Tubac Presidio State Historic Park

Between the years 1687 to 1711, the Jesuit, Eusebio Francisco Kino, founded missions in and around the Tubac area in Arizona.  His thought was to manipulate the local Native Americans into becoming Christians.  Tumacacori, which it 4 miles south of Tubac, was constructed in 1691, and the tiny settlement of Piman was used as a mission hacienda.  By the 1730’s, Spanish migrants inhabited the area, farming and cattle ranching.  In 1751 a gory rebellion devastated the town of Tubac, and a year later in June, the Presidio San Ignacio de Tubac was initiated.  Around 50 armed men were assigned to protect the presidio, and those living in the area.

“Juan Bautista de Anza II, second commander of the presidio, led two overland expeditions to the Pacific, resulting in the founding of San Francisco, in 1776. Several hundred colonists from the provinces of Sinaloa and Sonora, along with sixty from Tubac, made the trip. Over 1,000 head of cattle, horses and mules were also gathered to transport food supplies and tools, provide food on the journey and establish new herds once the colonists settled at their new home on the Pacific.  Following Anza's return to Tubac, military authorities moved the garrison from Tubac to Tucson in 1776, and the unprotected settlers abandoned their homes.”  (http://azstateparks.com/parks/tupr/index.html)

Tubac suffered many decades of attacks from the Apache because of no defense provided by any forces.  Because things got so bad, the presidio was reenergized in 1787 with Pima Indian troops and Spanish officers.  In 1821, after Mexico gained its sovereignty from Spain, another severe attack from the Apache left Tubac a ghost town once more.  This small town wouldn’t see life again until 1853 when it became an element of the Gadsden Purchase.  Thanks to Charles D. Poston buying the leader’s house and using it as his command center, many more followed.  He started Arizona’s original newspaper and it went to print for the first time in 1859.  Even though Tubac enjoyed being the most prevalent town in Arizona in 1860, the American Civil War needed the armies protecting the town to fight the war.  Once again, the Apache took advantage of the vulnerable settlement, attacked and left the place empty without a single soul around.  It tried to bounce back after the war, but the popularity and mines of Tombstone prevented that from happening.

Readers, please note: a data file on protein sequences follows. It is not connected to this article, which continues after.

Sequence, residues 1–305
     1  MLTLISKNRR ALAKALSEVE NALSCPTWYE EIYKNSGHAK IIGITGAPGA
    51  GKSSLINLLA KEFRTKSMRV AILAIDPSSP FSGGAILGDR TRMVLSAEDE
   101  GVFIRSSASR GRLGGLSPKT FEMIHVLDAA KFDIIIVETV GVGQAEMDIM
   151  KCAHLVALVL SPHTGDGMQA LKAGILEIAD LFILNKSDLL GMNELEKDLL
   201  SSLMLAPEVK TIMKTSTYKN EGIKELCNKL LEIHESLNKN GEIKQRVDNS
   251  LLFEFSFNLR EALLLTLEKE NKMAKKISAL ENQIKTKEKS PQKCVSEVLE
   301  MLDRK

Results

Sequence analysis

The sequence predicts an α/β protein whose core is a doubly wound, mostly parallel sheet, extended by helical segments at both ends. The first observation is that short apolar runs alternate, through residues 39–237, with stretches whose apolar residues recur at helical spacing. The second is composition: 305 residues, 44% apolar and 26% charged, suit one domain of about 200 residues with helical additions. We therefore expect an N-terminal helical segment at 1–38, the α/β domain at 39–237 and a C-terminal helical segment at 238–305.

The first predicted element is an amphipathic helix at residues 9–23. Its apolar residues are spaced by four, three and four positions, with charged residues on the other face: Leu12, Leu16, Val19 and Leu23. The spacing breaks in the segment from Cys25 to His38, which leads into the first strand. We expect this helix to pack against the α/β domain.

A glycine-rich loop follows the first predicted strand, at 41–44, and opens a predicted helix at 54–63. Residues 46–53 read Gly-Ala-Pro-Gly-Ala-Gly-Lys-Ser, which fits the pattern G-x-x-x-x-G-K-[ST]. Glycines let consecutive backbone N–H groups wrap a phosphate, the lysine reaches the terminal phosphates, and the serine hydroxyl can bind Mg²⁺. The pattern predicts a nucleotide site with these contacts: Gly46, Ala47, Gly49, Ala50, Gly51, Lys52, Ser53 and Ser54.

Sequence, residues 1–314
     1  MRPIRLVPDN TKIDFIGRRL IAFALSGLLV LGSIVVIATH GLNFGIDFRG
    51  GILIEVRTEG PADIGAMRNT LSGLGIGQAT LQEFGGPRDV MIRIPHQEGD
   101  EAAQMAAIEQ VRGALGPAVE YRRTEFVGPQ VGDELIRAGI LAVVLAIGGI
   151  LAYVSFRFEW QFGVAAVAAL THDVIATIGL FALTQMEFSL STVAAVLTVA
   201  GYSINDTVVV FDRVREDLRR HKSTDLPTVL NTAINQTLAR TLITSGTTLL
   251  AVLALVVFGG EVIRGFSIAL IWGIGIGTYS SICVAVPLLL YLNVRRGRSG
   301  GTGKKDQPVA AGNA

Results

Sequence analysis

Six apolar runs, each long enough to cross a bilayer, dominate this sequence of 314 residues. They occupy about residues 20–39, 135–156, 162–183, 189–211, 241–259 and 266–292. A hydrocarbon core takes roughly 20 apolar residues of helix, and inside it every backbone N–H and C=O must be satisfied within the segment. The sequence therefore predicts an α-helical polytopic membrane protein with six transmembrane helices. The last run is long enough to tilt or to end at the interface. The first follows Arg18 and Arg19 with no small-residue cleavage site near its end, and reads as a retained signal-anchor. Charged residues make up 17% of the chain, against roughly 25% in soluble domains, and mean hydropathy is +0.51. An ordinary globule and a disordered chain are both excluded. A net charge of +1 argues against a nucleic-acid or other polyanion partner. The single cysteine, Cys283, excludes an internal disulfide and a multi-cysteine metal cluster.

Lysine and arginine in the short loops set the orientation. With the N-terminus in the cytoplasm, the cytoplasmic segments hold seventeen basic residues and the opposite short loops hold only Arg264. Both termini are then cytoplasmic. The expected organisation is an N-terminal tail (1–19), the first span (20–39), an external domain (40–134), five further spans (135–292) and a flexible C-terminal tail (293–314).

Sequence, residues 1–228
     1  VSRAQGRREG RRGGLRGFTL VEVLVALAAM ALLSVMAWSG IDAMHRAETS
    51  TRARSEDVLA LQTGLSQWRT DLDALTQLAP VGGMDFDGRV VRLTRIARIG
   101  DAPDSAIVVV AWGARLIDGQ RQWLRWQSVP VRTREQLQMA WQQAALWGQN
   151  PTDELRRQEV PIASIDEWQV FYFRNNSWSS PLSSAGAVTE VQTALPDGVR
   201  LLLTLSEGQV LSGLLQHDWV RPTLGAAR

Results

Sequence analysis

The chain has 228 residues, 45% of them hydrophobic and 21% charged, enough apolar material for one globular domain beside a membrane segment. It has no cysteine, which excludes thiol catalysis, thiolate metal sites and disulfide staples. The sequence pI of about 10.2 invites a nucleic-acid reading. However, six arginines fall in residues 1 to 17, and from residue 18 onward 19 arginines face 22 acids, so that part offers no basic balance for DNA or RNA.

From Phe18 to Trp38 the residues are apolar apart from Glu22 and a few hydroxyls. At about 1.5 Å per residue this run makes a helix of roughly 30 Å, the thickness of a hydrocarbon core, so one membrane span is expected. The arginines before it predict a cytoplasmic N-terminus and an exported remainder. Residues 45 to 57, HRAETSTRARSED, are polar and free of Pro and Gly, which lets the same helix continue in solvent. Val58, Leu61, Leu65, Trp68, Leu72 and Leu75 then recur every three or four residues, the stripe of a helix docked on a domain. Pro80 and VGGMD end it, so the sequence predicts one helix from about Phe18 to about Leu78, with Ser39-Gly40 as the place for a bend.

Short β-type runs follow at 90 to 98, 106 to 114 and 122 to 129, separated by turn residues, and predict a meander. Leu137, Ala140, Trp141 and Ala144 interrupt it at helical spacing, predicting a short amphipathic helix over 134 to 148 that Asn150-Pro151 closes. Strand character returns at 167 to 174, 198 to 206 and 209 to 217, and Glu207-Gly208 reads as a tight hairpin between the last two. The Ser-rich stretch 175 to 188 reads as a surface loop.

“In 1974, archaeologists from the University of Arizona excavated portions of the presidio. In 1976, an underground archaeological display was finished and visitors can now view portions of the original foundation, walls, and plaza floor of the 1752 Commandant's quarters, as well as artifacts representing the various periods of Tubac's unique history.”

Website:  http://tubacpp.com/presidio.html

Territorial School House (1885)

Headquarters and Commander's Residence

Headquarters and Commander's Residence Ruins

Underground Archaeological Exhibit

Presidio Museum

Otero Hall (1914)


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